[October 5-October 11, 2020] A curling robot, beefy bears, and some questionable bread—all round-up in this week’s weird news from Ripley’s Believe It or Not!
Curly the Robot Throws Stones Against Pros
This week, a robot named Curly went wheel-to-toe with professional South Korean curling teams, winning three out of four matches. While it may seem like a sample game of swatting discs across the ice, curling is actually extremely difficult, requiring so much strategy that it has been called “chess on ice.”
In a game where one false move can instantly change the game’s outcome, players act as machines to precisely move the 40-pound-stone down the course. Korea University researchers, Seong-Whan Lee and Dong-Ok Won, and Klaus-Robert Müeller at the Berlin Institute of Technology, set out to see if a robot could use artificial intelligence to make these same strategic decisions. According to Brook Hays of United Press International,” AI machines often perform well in simulations, but struggle to cope in the real world, a problem known as the ‘sim-to-real gap.’
Curly uses two robots that communicate to aim and push the stone down the ice, while it wheels around and rotates the stone using a conveyor belt. Cameras on its head show the robot both the field and the “hogline,” where players release the stone, which the robot uses while competing to assess risk and uncontrollable environmental conditions. Curly learned how to adapt to unexpected challenges as it played, adjusting its throw each time. The creators credit Curly’s success to its “adaptive deep reinforcement learning framework.”
— WIRED (@WIRED) September 28, 2020
Brawny Bear Reigns Fattest of Them All
After months of chowing down on salmon, this bulky Alaskan brown bear has been deemed the fattest of them all in Katmai National Park and Preserve’s Fat Bear Week competition! Bear 747 went all-in for this year’s “survival of the fattest” competition, narrowly edging out another husky guy, named Chunk. According to park representatives, the beefy bruin’s weight in July could have been sufficient for hibernation, but he continued to stock up for winter, eating dozens of salmon a day.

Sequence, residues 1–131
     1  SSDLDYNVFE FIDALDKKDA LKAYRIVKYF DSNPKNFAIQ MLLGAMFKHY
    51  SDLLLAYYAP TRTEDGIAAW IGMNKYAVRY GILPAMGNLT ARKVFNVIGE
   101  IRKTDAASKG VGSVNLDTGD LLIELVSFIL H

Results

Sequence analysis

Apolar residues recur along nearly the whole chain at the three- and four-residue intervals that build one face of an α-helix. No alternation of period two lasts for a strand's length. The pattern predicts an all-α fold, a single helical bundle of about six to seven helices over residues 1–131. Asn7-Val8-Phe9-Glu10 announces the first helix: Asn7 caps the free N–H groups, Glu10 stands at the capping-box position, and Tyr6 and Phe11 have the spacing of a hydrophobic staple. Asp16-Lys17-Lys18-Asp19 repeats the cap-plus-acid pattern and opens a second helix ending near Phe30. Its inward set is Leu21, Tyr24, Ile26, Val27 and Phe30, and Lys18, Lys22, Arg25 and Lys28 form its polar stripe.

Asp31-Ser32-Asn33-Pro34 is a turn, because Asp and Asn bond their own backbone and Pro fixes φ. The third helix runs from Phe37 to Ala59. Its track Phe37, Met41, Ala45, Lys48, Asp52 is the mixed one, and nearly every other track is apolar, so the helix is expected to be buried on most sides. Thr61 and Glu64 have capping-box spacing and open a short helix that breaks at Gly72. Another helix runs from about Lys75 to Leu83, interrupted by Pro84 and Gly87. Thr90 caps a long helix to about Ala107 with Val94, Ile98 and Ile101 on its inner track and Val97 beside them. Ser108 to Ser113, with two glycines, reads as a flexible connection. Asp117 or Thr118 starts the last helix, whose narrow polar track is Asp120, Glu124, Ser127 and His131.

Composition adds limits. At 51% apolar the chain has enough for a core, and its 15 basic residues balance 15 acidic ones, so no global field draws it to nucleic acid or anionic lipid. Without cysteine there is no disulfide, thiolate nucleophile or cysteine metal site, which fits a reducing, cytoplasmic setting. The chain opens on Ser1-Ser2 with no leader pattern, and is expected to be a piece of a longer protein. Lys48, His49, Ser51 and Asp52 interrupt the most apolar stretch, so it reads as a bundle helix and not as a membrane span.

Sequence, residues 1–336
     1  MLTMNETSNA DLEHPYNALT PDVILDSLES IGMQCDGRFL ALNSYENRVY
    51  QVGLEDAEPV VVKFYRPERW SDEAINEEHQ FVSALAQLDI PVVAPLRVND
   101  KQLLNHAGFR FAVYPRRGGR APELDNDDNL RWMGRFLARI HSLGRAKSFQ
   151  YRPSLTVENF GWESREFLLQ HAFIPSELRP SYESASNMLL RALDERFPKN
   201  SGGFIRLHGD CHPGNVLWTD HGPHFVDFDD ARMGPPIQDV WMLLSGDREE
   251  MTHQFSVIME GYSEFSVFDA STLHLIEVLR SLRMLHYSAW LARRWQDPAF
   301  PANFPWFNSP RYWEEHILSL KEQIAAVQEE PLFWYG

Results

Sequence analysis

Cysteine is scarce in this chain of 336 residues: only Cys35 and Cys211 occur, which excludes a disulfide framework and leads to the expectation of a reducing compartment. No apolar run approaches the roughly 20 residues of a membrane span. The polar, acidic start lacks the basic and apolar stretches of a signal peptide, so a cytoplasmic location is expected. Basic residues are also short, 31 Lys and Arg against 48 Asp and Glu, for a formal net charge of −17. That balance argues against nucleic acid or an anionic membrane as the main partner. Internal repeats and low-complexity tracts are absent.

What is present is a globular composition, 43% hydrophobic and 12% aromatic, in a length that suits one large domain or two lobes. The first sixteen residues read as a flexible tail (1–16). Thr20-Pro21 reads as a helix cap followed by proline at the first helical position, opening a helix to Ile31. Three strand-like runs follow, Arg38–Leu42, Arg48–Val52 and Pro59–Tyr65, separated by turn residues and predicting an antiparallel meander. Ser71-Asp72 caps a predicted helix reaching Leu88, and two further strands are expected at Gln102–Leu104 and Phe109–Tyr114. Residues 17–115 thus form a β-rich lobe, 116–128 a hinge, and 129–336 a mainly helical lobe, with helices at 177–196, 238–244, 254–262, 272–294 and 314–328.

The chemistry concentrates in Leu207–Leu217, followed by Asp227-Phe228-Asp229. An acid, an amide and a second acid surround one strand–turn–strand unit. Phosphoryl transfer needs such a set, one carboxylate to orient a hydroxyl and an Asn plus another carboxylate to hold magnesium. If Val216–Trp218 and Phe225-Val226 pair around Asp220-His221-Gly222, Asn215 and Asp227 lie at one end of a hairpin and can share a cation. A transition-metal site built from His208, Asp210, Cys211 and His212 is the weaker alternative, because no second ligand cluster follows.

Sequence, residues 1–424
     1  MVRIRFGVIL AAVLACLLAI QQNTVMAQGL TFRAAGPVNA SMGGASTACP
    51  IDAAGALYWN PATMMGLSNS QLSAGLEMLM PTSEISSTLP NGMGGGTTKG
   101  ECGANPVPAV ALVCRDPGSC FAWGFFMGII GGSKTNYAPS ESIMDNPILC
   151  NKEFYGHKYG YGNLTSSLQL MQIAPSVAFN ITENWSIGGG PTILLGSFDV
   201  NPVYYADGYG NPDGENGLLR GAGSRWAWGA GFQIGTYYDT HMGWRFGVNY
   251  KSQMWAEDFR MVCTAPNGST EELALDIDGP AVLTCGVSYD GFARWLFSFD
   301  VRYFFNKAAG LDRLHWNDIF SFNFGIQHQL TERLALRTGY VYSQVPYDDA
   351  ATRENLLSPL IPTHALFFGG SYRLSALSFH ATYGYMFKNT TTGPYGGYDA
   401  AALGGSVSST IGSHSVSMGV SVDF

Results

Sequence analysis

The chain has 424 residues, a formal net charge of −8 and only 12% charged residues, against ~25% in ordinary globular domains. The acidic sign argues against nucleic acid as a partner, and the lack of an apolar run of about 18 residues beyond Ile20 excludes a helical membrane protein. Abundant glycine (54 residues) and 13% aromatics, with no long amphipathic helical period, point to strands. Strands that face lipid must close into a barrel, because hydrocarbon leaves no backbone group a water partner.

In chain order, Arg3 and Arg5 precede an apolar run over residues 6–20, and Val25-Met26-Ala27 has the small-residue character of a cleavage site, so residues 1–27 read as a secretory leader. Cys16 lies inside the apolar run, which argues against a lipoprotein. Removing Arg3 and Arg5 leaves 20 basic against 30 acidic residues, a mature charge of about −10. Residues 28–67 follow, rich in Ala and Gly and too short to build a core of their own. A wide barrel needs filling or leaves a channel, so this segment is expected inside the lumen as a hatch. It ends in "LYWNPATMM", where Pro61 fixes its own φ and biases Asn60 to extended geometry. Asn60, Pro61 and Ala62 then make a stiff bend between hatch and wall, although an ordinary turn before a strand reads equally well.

Fat Bear Week is an annual celebration of the park’s chubby cubbies where 12 of the 2,200 bears that roam the area are selected for the public to weigh in on which one is the fattest—nay, healthiest—with this year’s voting taking place online. Being a bear, 747 was completely unaware of this body-positive celebration. “When asked what he intends to do now that he has won, the only response was a look back before going back to fishing in the jacuzzi near the Brook Falls, one of his favorite spots,” said a park representative. Stay humble and hungry, 747.
View this post on Instagram
It’s a bird…it’s a plane…uh, did that bear eat the plane? BIG NEWS!!! The votes are in for Katmai National Park & Preserve’s annual #FatBearWeek tournament and 747 is your 2020 champion! One of the park’s biggest bears, “jumbo jet” 747 is estimated to weigh in at over 1,400 lbs! Is there room for cake? Image: All hail the 2020 Fat Bear Week Champ. Bear 747 pictured standing in moving water. 🐻👑 #NationalParkService #alaska #katmainationalpark #bears #findyourpark
A Crumby Ruling for Sandwich Giant